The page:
Archives of Traditional Music

/Archives of Traditional Music

The Archives of Traditional Music (ATM) is closed until Fall 2023 as it relocates to a new space in the William and Gayle Cook Music Library. During this time staff response to inquiries will be delayed. Prospective donors and depositors are asked to please hold items until after the move is completed. For more information, contact (812) 855-4679 or atmusic @ indiana . edu.


The Archives of Traditional Music (ATM) is housed in the William and Gayle Cook Music Library.  Beginning in 2015, Indiana University, including the IU Libraries, and University Information Technology Services, launched the Media Digitization and Preservation Initiative to preserve time-based media recordings that were degrading due to the format on which they were recorded (e.g. wax cylinders, tape based recordings.) Now digitally preserved, the ATM media objects are stored in the secure climate-controlled book and object repository operated by the IU Libraries. The ATM Research and Reading Room, located in the William and Gayle Cook Music Library, offers a space to access ATM materials as well as library materials relevant to the ATM.

The ATM is a collection of culturally significant and powerful sound recordings that require special care and handling. Some collections may only be experienced by specific communities or descendants of indigenous people. Each recording requires special consideration and the context under which the recording was made is essential to understanding the audio material. ATM recognizes that the existence of the recordings may affect community members, and acknowledge that originating communities retain cultural, spiritual, and ritual rights to them, as well as to the privileges and knowledge some pieces contain. As part of a community of collections stewards at Indiana University, the IU Libraries seeks to understand and consult with originating communities as to the proper care, sharing, and storage of cultural records materials. Best practices of collections care and listening are responsive and evolving. 

Access to sound recordings stewarded by the ATM is a necessarily thoughtful and mediated process. Whereas the provenance of some recordings is well documented and understood by Western Cultures, others require time and consultation before they are accessed. One of the pillars of the 2030 IU Libraries’ Strategic Plan focuses on special collection access, ensuring materials such as the Archives of Traditional Music (ATM) audio archive are prioritized.  The ATM preserves music and culture from around the globe, and in some cases, not found anywhere else. With over 120,000 recordings that include more than 4,000 field collections, it is one of the largest university-based ethnographic sound archives in the United States.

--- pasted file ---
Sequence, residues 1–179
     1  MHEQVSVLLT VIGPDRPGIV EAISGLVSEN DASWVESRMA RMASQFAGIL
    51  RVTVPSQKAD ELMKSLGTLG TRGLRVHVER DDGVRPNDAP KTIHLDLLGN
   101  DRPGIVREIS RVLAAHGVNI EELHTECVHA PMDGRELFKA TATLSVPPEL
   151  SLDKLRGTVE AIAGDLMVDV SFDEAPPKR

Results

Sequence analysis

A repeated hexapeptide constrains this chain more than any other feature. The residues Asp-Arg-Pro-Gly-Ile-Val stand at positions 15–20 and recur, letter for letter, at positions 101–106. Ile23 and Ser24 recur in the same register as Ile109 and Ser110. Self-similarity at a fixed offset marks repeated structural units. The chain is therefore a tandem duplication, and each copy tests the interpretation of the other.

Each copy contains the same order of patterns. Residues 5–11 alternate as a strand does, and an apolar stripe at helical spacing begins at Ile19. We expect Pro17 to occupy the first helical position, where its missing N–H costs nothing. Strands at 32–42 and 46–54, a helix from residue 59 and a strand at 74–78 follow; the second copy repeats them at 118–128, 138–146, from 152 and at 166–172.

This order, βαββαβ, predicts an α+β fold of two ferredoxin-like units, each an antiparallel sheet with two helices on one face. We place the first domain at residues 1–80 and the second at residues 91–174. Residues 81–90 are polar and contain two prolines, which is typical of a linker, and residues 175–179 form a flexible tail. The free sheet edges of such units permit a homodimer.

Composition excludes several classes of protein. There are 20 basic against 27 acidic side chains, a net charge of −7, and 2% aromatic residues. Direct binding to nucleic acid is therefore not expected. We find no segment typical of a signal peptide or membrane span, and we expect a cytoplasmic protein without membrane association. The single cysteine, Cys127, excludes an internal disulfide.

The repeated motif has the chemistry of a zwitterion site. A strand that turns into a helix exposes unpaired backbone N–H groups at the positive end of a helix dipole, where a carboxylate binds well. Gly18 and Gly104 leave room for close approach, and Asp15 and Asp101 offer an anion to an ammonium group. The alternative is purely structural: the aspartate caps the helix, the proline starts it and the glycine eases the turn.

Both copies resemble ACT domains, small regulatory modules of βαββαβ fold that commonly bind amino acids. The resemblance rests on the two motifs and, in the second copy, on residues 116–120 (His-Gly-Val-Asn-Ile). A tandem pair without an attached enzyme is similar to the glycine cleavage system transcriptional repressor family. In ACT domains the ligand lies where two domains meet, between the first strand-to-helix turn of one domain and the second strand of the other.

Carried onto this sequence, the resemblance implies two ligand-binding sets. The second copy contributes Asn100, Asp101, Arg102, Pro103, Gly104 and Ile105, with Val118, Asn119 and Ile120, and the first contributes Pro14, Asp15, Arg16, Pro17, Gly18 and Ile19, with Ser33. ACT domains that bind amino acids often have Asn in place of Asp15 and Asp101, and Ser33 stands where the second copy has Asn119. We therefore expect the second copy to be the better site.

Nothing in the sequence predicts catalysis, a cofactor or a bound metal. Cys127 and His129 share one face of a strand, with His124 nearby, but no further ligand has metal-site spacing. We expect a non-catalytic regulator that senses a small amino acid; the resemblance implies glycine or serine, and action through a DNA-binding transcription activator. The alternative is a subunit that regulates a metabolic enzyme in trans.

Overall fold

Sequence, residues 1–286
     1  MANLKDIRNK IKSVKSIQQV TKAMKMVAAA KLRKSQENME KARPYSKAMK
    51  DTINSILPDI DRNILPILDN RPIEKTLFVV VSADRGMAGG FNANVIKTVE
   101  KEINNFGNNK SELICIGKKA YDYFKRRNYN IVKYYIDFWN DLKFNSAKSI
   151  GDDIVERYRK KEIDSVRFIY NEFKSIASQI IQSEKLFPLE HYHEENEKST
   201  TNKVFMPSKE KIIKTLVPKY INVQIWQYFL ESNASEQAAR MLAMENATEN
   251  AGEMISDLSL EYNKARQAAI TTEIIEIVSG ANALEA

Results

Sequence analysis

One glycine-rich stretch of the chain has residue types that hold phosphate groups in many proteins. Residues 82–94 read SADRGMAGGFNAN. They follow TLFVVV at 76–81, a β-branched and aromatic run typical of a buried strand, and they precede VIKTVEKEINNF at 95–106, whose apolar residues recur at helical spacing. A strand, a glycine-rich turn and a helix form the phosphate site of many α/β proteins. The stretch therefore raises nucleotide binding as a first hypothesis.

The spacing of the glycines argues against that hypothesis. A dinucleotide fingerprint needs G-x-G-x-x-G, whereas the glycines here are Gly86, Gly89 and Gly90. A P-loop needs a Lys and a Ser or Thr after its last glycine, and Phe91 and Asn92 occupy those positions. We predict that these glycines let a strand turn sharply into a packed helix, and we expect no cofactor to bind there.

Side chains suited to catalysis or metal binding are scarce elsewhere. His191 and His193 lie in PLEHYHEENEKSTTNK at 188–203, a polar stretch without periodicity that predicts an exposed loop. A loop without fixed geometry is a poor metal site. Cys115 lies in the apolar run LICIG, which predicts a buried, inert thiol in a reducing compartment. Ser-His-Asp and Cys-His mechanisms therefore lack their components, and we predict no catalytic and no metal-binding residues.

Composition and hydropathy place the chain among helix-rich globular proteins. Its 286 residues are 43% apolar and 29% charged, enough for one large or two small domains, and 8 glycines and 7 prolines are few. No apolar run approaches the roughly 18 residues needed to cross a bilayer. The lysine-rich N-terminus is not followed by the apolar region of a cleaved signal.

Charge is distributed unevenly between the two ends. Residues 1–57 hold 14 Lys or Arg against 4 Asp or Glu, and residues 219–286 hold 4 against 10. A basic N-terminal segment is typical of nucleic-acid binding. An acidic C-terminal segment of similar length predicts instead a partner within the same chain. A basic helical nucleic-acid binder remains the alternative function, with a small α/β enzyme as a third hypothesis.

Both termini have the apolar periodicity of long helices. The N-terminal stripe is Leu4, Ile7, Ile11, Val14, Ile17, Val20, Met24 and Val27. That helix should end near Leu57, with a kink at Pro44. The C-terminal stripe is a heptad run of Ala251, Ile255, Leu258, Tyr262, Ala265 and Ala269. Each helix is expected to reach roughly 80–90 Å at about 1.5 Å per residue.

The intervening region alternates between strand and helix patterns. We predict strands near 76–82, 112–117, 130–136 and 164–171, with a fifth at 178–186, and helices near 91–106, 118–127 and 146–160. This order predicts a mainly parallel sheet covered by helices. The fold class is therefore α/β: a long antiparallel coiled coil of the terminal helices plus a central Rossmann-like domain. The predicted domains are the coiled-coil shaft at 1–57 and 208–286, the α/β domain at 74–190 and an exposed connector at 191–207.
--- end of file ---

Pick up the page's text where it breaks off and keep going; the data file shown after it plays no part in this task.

• ATMuse

    ATMuse is a collaborative effort between archives, publishers, scholars, and museums to provide time-based media and image collections in conjunction with publications and exhibits.

Staff Directory

Collections and Cataloging Librarian
Assistant Librarian
(812) 855-8631
Administrative Assistant
(812) 855-4679

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Land Acknowledgment

We wish to acknowledge and honor the Indigenous communities native to this region, and recognize that Indiana University Bloomington is built on Indigenous homelands and resources. We recognize the myaamiaki [Miami], Lënape [Delaware], Bodwéwadmik [Potawatomi], and saawanwa [Shawnee] peoples as past, present, and future caretakers of this land.

We are dedicated to amplifying Indigenous voices and perspectives, improving community relationships, correcting the narrative, and making the IUB campus a more supportive and inclusive place for Native and Indigenous students, faculty and staff.  We encourage everyone to engage with contemporary communities, to learn the histories of this land, to look at who has and does not have access to its resources, and to examine your own place, abilities, and obligations within this process of reparative work that is necessary to promote a more equitable and socially just Indiana University Bloomington.

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